Just a month ago we raised more than a proverbial eyebrow when we noted the creation of the NSA’s Utah Data Center (codename Stellar Wind) and William Binney’s formidable statement that “we are this far from a turnkey totalitarian state”. Democracy Now has the former National Security Agency technical director whistleblower’s first TV interview in which he discusses the NSA’s massive power to spy on Americans and why the FBI raided his home. Since retiring from the NSA in 2001, he has warned that the NSA’s data-mining program has become so vast that it could “create an Orwellian state.” Today marks the first time Binney has spoken on national TV about NSA surveillance. Starting with his pre-9-11 identification of the world-wide-web as a voluminous problem since the NSA was ‘falling behind the rate-of-change’, his success in creating a system (codenamed Thin-Thread) for ‘grabbing’ all the data and the critical ‘lawful’ anonymization of that data (according to mandate at the time) which as soon as 9-11 occurred went out of the window as all domestic and foreign communications was now stored (starting with AT&T’s forking over their data). This direct violation of the constitutional rights of everybody in the country was why Binney decided he could not stay (leaving one month after 9-11) along with the violation of almost every privacy and intelligence act as near-bottomless databases store all forms of communication collected by the agency, including private emails, cell phone calls, Google searches and other personal data.
There was a time when Americans still cared about matters such as personal privacy. Luckily, they now have iGadgets to keep them distracted as they hand over their last pieces of individuality to the Tzar of conformity.
Phi Beta Iota: Neither NSA nor DHS are inherently evil — they are merely expensive, inept, and out of control. They are staffed by good people who mean well, led by good people who mean well, but in the aggregate they are so unAmerican and unConstitutional as to deby belief that they could actually exist and thrive.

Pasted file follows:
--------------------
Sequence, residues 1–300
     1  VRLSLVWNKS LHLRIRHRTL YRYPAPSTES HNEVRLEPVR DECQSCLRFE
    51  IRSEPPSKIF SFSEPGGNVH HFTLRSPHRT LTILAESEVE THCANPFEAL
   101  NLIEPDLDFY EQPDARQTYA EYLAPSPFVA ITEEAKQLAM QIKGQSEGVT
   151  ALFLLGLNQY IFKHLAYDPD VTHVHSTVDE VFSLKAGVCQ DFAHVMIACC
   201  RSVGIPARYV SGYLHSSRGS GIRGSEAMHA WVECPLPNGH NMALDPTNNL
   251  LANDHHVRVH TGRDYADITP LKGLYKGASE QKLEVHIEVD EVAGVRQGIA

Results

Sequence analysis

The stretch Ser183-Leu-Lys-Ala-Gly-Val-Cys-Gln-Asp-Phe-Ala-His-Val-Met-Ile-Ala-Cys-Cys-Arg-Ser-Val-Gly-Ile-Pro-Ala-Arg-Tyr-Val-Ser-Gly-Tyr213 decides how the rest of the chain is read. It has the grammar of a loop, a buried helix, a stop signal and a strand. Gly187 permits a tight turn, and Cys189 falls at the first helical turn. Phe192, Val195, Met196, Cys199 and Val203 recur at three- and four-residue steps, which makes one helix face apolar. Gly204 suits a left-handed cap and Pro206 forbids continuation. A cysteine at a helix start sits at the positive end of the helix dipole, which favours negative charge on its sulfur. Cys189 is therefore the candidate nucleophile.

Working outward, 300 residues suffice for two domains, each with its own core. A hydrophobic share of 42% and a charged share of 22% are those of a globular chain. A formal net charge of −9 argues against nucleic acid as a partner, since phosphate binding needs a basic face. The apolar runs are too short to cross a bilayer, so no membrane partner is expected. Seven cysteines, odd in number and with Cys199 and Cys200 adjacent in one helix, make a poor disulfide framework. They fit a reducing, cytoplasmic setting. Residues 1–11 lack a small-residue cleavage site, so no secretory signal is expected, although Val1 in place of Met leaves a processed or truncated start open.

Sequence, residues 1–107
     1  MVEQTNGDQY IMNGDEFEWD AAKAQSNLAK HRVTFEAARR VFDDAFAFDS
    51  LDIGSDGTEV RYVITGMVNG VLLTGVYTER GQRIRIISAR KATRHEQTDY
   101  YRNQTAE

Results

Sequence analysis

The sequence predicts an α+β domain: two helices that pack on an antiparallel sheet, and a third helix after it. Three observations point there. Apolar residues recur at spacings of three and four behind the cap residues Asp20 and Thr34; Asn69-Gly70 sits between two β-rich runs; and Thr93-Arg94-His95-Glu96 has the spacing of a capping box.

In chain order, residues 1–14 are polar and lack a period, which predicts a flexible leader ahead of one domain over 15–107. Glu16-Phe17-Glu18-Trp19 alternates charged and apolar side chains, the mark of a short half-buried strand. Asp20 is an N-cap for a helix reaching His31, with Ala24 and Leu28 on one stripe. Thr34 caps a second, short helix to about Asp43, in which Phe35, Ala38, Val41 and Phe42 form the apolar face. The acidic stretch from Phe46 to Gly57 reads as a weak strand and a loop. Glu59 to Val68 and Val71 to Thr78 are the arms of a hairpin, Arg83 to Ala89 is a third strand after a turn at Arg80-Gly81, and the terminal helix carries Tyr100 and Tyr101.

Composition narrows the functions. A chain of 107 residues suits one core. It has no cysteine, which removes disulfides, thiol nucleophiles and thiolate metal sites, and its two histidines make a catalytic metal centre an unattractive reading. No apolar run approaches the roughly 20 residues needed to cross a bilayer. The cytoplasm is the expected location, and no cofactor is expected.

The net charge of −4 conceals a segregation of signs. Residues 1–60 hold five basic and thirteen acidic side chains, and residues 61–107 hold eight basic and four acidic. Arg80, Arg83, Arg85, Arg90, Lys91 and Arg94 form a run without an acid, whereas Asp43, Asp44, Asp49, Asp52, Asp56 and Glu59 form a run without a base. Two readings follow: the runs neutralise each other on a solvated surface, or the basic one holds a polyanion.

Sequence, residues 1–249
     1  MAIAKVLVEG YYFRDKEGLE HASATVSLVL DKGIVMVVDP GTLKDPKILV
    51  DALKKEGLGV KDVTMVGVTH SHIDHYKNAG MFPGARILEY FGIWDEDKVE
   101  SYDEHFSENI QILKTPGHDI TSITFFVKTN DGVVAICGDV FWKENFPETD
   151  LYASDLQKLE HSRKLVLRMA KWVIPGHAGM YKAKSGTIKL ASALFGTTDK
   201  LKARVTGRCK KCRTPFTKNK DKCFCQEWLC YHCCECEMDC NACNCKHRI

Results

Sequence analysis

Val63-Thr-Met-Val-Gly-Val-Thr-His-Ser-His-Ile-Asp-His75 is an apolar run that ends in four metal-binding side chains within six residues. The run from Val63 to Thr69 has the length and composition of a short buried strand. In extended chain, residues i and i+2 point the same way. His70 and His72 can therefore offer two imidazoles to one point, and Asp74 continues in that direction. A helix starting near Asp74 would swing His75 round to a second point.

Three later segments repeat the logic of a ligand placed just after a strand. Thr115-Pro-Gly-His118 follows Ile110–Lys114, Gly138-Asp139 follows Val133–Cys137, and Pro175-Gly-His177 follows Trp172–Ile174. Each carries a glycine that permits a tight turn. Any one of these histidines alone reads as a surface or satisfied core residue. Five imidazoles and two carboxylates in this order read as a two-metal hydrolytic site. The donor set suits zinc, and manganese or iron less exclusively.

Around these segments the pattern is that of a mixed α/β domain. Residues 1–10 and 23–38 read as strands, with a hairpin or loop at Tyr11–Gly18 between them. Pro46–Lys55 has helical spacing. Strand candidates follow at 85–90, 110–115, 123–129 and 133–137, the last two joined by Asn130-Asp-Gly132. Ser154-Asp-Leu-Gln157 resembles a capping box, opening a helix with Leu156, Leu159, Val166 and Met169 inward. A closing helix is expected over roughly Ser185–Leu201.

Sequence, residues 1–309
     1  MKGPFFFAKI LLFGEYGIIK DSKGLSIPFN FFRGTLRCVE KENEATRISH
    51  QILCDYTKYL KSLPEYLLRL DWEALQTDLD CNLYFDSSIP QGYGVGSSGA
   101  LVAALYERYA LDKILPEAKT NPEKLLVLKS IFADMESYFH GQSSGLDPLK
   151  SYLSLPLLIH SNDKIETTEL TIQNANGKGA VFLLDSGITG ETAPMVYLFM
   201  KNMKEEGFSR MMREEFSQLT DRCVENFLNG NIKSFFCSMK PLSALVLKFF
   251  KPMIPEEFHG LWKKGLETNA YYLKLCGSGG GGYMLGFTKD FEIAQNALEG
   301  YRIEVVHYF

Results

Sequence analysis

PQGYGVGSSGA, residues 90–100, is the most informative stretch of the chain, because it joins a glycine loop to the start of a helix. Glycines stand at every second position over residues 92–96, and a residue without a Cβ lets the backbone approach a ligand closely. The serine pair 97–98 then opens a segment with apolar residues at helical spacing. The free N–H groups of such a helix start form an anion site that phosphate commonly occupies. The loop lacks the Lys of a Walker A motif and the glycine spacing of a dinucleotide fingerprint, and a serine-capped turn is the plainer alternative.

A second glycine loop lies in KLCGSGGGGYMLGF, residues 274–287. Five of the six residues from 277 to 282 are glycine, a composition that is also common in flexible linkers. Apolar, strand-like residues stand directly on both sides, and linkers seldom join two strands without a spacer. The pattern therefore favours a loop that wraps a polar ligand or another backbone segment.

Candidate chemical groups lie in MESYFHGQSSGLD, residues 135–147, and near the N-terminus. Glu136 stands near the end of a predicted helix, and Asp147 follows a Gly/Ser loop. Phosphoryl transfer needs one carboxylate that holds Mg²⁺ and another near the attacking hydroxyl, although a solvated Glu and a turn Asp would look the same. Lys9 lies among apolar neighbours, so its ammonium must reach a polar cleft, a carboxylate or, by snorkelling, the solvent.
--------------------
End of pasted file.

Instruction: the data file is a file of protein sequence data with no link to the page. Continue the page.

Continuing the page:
Starting to see initial indications that at least one part of DoD is gearing up to cut anywhere from 6% to 50% of its workforce within the fairly near term, perhaps beginning as soon as 01 Oct. Drivers could be generic deficit reduction, sequestration, and historic limitations on strength levels in certain types of organizations. Expect it to be ugly — sprung at last minute, execute without finesse.)
We’ve heard a lot in the past couple of years, pro and con, about escalating CEO compensation, but it seems to me at least one argument in their defense has merit. It is important to pay enough to recruit and retain the best talent available in the highly competitive global marketplace.
What seems strange to me is that those who believe this is true, that you have to pay well to attract the best talent, usually don’t accept the same argument when it comes to government employees.
One of the more dangerous consequences of the financial crisis is how governments at all levels are, in effect, cutting off their noses to spite
their faces. In the rush to balance their budgets, some are indiscriminately firing, freezing and cutting pay, and cutting pensions — too often impacting the people who actually make government work.
Growing up in the post-war era (after the Second World War), I never expected to live in the strange Kafkaesque world that exists today. The US government can assassinate any US citizen that the executive branch thinks could possibly be a “threat” to the US government, or throw the hapless citizen into a dungeon for the rest of his or her life without presenting any evidence to a court or obtaining a conviction of any crime, or send the “threat” to a puppet foreign state to be tortured until the “threat” confesses to a crime that never occurred or dies at the hands of “freedom and democracy” while professing innocence.
It has never been revealed how a single citizen, or any number thereof, could possibly comprise a threat to a government that has a trillion plus dollars to spend each year on security and weapons, the world’s largest navy and air force, 700 plus military bases across the world, large numbers of nuclear weapons, 16 intelligence agencies plus the intelligence agencies of its NATO puppet states and the intelligence service of Israel.
Nevertheless, air travelers are subjected to porno-scanning and sexual groping. Cars traveling on Interstate highways can expect to be stopped, with traffic backed up for miles, while Homeland Security and the federalized state or local police conduct searches.
I witnessed one such warrantless search on Easter Sunday. The south bound lanes of I-185 heading into Columbus, Georgia, were at a standstill while black SUV and police car lights flashed. US citizens were treated by “security” forces that they finance as if they were “terrorists” or “domestic extremists,” another undefined class of Americans devoid of constitutional protections.